PENSACOLA, Fla. (AP) _ Twenty-seven pit bull dogs that were seized in a raid last month and helped run up a bill of more than $5,000 at the pound were put to death Thursday after a judge ruled they were trained for violence.

The dogs were among 46 that either were confiscated or were born later to the captives.

Escambia County Judge William Green ordered two of the animals returned to their owner because evidence failed to connect him to illegal dog fighting. The judge gave animal control officials the option of adoption for 16 puppies, including nine born after the Dec. 22 raid.

Jimmy Dykes, manager of the Escambia County Animal Shelter, gave the puppies and the mother a five-day reprieve to see if anyone wants to adopt the pups, but said he wouldn't recommend it because ''fighting's in their genes.''

The mother will be destroyed at the end of that time regardless of whether the puppies are adopted.

''It is ... clear that because these animals have been bred and trained for no purpose other than to viciously attack other animals, there is no reasonable alternative disposition of them other than to order that they be humanely destroyed,'' Green said in his ruling.

Most of the dogs must be kept in separate pens to keep them from fighting, Dykes said. They also have run up costs in excess of $5,717, including damage to the pens and veterinary fees.

The judge agreed to return two female dogs to Bruce Westfall, a Mobile, Ala., security guard who testified Tuesday that they were caught in the raid because he turned them over to another man, Robert Cox of Pensacola, for breeding.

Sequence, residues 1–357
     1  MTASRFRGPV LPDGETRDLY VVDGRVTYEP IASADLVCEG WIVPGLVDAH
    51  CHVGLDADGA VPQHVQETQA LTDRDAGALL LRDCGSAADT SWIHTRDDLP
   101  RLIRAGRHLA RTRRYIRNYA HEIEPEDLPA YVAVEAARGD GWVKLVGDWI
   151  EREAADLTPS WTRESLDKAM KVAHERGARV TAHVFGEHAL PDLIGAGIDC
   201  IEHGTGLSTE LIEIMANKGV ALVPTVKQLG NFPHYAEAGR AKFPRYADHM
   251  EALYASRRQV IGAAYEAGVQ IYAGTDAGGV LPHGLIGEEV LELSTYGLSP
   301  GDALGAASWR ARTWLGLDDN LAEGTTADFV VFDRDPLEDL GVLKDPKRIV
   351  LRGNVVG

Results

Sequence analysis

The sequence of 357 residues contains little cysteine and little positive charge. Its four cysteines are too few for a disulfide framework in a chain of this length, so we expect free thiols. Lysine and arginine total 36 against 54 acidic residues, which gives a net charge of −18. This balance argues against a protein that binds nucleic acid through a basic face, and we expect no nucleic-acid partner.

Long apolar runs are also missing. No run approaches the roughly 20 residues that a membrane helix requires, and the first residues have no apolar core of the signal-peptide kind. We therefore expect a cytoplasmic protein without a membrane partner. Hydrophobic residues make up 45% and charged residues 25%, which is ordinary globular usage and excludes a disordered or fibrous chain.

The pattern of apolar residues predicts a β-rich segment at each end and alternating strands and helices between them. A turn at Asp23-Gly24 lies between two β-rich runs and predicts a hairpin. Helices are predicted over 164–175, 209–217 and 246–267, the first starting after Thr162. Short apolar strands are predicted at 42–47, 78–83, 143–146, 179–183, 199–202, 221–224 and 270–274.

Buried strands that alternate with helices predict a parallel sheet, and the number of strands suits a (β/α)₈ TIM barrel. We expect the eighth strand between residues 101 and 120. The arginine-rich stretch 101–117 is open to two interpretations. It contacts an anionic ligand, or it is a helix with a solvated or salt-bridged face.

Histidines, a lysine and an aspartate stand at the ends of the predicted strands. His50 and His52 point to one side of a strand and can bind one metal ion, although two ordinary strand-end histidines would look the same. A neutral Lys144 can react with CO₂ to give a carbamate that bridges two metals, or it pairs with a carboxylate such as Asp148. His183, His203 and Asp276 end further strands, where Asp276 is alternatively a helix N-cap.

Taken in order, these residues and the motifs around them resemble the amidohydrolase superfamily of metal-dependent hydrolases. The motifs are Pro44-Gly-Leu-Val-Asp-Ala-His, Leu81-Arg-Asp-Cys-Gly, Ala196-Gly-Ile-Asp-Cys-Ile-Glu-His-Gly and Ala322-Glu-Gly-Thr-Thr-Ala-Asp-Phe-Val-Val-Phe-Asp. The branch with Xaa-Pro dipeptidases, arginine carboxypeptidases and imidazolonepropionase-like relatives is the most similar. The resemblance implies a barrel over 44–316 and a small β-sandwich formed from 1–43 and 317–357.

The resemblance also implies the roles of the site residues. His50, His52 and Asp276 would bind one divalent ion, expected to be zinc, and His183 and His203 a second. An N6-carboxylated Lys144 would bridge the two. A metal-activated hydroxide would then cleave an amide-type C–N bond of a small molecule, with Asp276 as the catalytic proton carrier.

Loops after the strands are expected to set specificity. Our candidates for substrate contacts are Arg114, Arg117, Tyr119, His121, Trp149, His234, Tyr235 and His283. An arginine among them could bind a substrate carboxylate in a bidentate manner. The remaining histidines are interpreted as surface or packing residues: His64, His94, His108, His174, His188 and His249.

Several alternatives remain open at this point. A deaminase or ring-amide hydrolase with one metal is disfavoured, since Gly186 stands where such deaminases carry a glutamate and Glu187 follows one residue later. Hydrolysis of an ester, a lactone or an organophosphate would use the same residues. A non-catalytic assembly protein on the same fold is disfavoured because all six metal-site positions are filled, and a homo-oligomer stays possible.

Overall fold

Westfall said he used the dogs, Gretchen and Pebbles, for pig hunting and weight-pulling contests and knew nothing about fighting.

All of the original 37 dogs were seized at the home of Tommy and Ellen Peek in the Cantonment community north of Pensacola. The Peeks and Cox are in jail on cocaine trafficking charges.

Mack Plant, a lawyer representing Mrs. Peek, had opposed the destruction order sought by Escambia Sheriff Vince Seely. He said he was uncertain whether Green's ruling would be appealed but conceded it would be moot if the dogs are put to death.

Green advised the parties to file any appeal quickly.

The judge made his decision after inspecting the dogs and viewing confiscated video tapes of training sessions and dog fights.

''The evidence establishes without question that Tommy and Ellen Peek were raising and breeding pit bull terriers to actively engage in illegal and inhumane dog fights,'' Green wrote.

He said some people might argue the puppies' breeding makes them too dangerous to be adopted, but he said he was unprepared to rule out that option except to bar the Peeks, Cox and Westfall or any members of their families from receiving the animals.

Anyone adopting the puppies must supply identification that will be added to the court file, and will be advised of the dog's ''inbred propensities,'' Green wrote.